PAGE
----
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Welcome to the Uncanny Valley: A sneak peek at Chris Landreth’s new film, Subconscious Password

Welcome to the Uncanny Valley: A sneak peek at Chris Landreth’s new film, Subconscious Password

Welcome to the Uncanny Valley: A sneak peek at Chris Landreth’s new film, Subconscious Password

The following is a guest post from Oscar®-winning filmmaker Chris Landreth about his upcoming release, Subconscious Password.


Subconscious Password, my latest short film, travels to the inner mind of a fellow named Charles Langford, as he struggles to remember the name of his friend at a party. In his subconscious, he encounters a game show, populated with special guest stars:  archetypes, icons, distant memories, who try to help him find the connection he needs: His friend’s name.

The film is a psychological romp into a person’s inner mind where (I hope) you will see something of your own mind working, thinking, feeling. Even during a mundane act like remembering the name of an acquaintance at a party, someone you only vaguely remember. To me, mundane accomplishments like these are miracles we all experience many times each day.

Here’s an excerpt from the film:


As you can probably tell, these characters are not real people; they’re CG-animated synthetic actors. You know this because although they’re realistic, they don’t quite move and look like real people.

Welcome to the Uncanny Valley

Many of you know what this is. The Uncanny Valley describes a common problem that audiences have with CG-animated characters. Here’s a graph that shows this:

Follow the curvy line from the lower left. If a character is simple (like a stick figure) we have little or no empathy with it. A more complex character, like Snow White or Pixar’s Mr. Incredible, gives us more human-like mannerisms for us to identify with.

But then the Uncanny Valley kicks in. That curvy line changes direction, plunging downwards. This is the pit into which many characters from The Polar Express, Final Fantasy and Mars Needs Moms fall. We stop empathizing with these characters. They are unintentionally disturbing, like moving corpses. This is a big problem with realistic CGI characters: that unshakable perception that they are animated zombies.

We often settle on one adjective to describe this perception:  “Creepy.”  Once that word becomes part of your vocabulary for a film’s characters, it’s Game Over for that film.

I think the Uncanny Valley is really about our instinct for trust and honesty in imagery. Snow White is clearly a hand-drawn character.  She is honest about her non-humanness — so we willingly overlook the artifice of her appearance, and trust her. The characters in The Polar Express are not honest. On a certain level we’re told to believe that they’re real, but we can feel that they’re not — their eyes don’t move quite right, their movements are slightly too fluid. We instinctively feel that we’re being hoodwinked by the filmmakers, and we stop trusting: “That’s creepy.

Because of this, the allure of realistic human CG characters has greatly diminished over the last 10 years or so. You still see these CG characters in high-end games, and extras in live-action movies, and as the occasional villain in feature films (think Jeff Bridges’ doppelganger in Tron Legacy), but not as lead characters in animated movies. No one is likely to bring back Hero Boy from The Polar Express anytime soon. The value of land in the Uncanny Valley has plunged to zero. There are no buyers.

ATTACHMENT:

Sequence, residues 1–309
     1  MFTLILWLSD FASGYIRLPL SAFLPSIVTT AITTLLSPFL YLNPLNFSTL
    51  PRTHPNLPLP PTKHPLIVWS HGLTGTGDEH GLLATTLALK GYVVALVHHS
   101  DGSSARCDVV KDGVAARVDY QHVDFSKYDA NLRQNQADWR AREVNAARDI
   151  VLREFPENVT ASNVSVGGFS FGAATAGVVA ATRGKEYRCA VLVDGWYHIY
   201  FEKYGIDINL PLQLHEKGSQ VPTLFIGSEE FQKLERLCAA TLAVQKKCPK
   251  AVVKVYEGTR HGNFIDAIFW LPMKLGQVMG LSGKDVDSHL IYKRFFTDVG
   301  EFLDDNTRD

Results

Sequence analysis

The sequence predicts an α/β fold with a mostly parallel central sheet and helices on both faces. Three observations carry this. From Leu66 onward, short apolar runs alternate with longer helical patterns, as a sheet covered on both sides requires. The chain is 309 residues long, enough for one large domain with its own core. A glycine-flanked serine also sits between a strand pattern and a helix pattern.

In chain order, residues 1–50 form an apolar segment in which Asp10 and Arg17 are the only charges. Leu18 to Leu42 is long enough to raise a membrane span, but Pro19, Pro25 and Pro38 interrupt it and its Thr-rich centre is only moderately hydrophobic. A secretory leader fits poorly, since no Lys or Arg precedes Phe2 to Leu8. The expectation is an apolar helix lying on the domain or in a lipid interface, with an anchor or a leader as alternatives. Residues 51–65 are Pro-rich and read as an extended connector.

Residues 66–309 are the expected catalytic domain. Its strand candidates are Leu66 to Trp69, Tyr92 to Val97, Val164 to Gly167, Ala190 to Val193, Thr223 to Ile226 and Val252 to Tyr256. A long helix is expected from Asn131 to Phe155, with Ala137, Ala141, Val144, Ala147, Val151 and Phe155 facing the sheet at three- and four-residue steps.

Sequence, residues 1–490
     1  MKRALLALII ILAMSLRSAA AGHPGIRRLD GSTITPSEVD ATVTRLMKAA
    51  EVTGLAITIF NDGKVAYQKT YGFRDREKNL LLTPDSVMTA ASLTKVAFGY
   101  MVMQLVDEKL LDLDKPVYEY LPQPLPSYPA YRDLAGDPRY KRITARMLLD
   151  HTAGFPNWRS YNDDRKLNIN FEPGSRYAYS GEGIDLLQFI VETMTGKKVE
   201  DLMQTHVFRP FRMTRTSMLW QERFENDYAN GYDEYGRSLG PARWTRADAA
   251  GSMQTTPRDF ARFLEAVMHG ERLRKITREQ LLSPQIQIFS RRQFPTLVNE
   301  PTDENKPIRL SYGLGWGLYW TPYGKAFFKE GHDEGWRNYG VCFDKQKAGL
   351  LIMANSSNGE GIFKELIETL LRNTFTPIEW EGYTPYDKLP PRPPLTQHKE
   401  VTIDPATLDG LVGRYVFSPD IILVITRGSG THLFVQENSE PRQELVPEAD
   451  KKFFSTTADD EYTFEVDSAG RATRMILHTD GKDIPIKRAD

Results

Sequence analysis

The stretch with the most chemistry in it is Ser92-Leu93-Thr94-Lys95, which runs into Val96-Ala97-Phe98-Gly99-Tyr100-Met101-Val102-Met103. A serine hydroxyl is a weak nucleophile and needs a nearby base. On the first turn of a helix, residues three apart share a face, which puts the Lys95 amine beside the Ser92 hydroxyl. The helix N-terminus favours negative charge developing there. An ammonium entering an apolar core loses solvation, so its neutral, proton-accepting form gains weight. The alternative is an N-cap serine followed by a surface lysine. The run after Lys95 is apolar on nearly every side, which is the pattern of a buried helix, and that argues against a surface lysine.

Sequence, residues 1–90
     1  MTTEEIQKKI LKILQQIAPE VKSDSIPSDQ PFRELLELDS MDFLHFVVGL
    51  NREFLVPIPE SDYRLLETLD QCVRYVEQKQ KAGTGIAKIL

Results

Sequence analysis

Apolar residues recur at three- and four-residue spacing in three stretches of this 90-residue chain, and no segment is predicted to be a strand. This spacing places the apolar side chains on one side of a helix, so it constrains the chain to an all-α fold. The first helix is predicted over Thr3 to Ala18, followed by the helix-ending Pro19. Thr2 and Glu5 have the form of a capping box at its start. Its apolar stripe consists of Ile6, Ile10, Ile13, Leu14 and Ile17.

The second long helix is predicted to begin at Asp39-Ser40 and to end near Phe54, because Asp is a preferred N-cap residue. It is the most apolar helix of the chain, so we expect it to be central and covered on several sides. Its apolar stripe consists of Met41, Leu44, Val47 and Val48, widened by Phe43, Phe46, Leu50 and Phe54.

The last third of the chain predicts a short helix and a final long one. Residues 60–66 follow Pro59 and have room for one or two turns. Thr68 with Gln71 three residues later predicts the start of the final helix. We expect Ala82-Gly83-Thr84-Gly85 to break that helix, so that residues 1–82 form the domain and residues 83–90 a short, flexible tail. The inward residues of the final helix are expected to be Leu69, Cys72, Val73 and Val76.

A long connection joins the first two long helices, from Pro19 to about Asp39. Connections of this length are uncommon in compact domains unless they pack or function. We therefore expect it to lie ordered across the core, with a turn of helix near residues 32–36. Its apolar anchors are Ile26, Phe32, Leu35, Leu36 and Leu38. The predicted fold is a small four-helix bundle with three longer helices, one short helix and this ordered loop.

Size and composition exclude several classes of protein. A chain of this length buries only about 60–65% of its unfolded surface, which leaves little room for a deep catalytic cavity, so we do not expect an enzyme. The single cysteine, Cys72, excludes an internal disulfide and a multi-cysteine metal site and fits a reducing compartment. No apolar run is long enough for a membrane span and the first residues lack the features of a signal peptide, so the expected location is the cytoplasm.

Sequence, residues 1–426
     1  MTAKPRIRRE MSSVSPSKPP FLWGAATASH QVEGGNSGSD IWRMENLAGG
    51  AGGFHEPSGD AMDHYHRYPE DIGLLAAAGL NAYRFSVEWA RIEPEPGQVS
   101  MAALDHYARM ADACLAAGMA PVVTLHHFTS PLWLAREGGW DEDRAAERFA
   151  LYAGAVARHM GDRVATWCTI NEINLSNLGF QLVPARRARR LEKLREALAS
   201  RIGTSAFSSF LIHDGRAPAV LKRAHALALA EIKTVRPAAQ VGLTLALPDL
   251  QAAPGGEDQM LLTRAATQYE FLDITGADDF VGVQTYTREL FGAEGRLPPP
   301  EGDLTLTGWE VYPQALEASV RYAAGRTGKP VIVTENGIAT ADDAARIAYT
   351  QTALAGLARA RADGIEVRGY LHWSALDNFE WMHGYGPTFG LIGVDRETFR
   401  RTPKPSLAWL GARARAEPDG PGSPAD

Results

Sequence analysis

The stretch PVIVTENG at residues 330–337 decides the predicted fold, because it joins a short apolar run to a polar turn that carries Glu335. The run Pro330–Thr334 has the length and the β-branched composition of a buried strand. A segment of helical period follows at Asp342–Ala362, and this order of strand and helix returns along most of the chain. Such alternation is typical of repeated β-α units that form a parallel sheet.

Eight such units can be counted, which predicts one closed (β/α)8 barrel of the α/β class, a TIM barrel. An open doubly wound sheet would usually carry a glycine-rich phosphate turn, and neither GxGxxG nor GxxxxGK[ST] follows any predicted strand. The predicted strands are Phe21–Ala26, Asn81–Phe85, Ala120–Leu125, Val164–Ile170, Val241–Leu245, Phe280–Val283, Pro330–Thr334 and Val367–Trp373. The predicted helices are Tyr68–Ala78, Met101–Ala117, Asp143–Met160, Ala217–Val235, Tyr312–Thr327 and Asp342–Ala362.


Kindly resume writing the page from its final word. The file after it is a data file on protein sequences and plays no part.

Well, except perhaps me.

Some of you know that my films have a certain obsession with visual realism with their human characters. I like doing this. I find value in this realism that goes beyond simply copying what humans look and act like. If used intelligently and with imagination, realism can capture something deeper, something weird and emotional and psychological about our collective experience on this planet. But it has to be honest. That’s hard.

When making this film, we knew we were going into the Uncanny Valley. We did it because your subconscious processes, and mine, are like this valley. We project our waking world into our subconscious minds. The ‘characters’ in this inner world are realistic approximations of actual people, without actually being real. This is the miracle of how we get by. My protagonist, Charles, has a mixture of both realistic approximations and crazy warped versions of the people and icons in his life. He is indeed a bit off-kilter. But he gets by, like most of us do. As you probably have guessed, both Charles and the Host are self-portraits. I want to be honest in showing you this world. My own Uncanny Valley. You have one too. It’s something to celebrate.

Subconscious Password goes into this forbidden Valley on purpose. And why not? The land there is cheap; nobody wants to be there today. But perhaps we’ll see that there’s some farmable land here after all.

Subconscious Password, Chris Landreth, provided by the National Film Board of Canada


Photo Credits:

The image from Mars Needs Moms is courtesy of

The image from Polar Express is courtesy of


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  1. Hey Chris! It’s such a nice article, the 3D animation movie references you have given are amazing as well. Goodluck for the future

  2. So happy and looking forward to your new film, Chris. Such an inspiration!

    — Scott,

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